New article on Incentives and tournaments in public organizations

My new paper on tournaments and incentives is now available under Advance Access at Perspectives on Public Management and Governance. Here’s the abstract:

Advances in economic theory help us rethink the traditional public administration concern for accountability and performance in government. Reforms in government have concentrated on organizational designs that flow from piece-rate approaches to employee compensation, but they have largely ignored the prospects for incentive-compatibility within traditional personnel systems. There are important reasons to believe that competitive tournaments in public organization hierarchies, perhaps implemented in promotion systems, could be more effective than the pay-for-performance systems often called for in traditional principal-agent approaches, and therefore can be a useful component of the design of bureaucracies. More importantly, knowledge about tournaments in organizations helps us reconsider key institutional features of public bureaucracies.

Incentives, perquisites, and the real cost of education

From the NYT:

Compensation for the heads of some elite private K-12 schools in New York City is nearing $1 million.

Much in the city’s private school world can seem beyond the norm: the tuition and fees (topping $50,000 a year), the kindergarten application process (interviews for 4-year-olds), the facilities (climbing walls). And so too executive compensation that exceeds the pay of many college presidents.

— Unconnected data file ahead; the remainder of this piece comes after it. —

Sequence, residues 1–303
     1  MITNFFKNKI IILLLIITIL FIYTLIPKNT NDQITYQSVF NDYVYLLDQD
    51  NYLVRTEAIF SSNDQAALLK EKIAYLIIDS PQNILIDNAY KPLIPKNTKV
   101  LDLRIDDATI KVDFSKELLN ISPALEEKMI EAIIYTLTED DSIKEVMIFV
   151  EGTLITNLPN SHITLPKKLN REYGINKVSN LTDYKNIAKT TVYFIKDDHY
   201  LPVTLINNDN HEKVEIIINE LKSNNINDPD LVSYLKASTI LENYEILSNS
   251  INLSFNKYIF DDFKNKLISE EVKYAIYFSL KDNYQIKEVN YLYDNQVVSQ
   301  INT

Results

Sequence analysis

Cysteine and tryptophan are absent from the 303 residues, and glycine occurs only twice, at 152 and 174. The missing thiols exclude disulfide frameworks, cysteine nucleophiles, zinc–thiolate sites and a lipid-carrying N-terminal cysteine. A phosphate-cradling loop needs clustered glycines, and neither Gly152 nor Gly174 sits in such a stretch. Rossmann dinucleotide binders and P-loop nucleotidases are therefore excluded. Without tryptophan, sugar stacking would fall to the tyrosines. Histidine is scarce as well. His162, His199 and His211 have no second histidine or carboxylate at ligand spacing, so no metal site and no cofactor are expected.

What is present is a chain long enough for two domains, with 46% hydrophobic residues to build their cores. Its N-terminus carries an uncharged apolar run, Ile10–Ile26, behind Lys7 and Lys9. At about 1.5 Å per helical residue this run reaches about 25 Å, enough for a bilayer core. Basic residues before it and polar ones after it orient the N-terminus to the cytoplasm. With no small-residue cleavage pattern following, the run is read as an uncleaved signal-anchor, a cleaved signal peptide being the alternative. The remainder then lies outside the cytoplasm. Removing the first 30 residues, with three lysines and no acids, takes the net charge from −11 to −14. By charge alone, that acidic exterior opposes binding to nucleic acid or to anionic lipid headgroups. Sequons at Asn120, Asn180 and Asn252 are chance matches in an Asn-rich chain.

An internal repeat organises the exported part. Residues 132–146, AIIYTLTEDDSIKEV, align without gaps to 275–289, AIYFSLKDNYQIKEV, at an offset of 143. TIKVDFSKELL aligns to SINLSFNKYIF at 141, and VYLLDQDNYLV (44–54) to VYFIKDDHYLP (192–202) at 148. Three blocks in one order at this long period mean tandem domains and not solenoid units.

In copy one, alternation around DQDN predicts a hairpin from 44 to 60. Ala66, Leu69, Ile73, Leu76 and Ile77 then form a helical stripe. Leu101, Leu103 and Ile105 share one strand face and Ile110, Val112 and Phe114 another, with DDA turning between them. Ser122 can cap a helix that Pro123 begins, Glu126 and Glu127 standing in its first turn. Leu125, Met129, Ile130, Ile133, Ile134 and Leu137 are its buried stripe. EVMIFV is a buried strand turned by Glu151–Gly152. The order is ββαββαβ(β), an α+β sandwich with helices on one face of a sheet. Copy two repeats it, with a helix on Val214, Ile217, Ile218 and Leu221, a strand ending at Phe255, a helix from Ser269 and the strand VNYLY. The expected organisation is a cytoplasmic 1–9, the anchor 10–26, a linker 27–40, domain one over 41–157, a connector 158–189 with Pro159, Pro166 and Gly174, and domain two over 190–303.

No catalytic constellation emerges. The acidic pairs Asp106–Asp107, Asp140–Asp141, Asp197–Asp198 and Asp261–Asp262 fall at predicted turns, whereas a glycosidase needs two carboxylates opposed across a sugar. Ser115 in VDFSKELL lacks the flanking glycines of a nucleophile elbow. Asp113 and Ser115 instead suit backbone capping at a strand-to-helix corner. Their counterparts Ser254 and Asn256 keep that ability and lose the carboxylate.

Incentives and tournaments in public organizations

I’m pleased to announce that my new paper on tournaments and incentives will appear in Perspectives on Public Management and Governance. Here’s an abstract:

Advances in economic theory help us rethink the traditional public administration concern for accountability and performance in government. Reforms in government have concentrated on organizational designs that flow from piece-rate approaches to employee compensation, but they have largely ignored the prospects for incentive-compatibility within traditional personnel systems. There are important reasons to believe that competitive tournaments in public organization hierarchies, perhaps implemented in promotion systems, could be more effective than the pay-for-performance systems often called for in traditional principal-agent approaches, and therefore can be a useful component of the design of bureaucracies. More importantly, knowledge about tournaments in organizations helps us reconsider key institutional features of public bureaucracies.

Please reach out to me at aw@uga.edu if you would like a preprint.

Is regulation scholarship in crisis?

Martin Lodge of CARR at the London School of Economics and Political Science has assembled a great group of papers on the question of whether regulation scholarship is in crisis given recent events in a number of countries. Gary Miller and I contributed a small piece that describes what our recent Cambridge University Press book Above Politics: Bureaucratic Discretion and Credible Commitment has to say on the matter. You can find the entire document online at this link.

New commentary for Osservatorio AIR

Gary Miller and I have written a short description of our recent Cambridge University Press book Above Politics: Bureaucratic Discretion and Credible Commitment. It is posted on the site of Osservatorio AIR, a center in Rome that specializes in research and studies on impact assessment, simplification, transparency, and participation as ways of improving regulation. The description can be found at http://www.osservatorioair.it/research-note-above-politics-bureaucratic-discretion-and-credible-commitment/.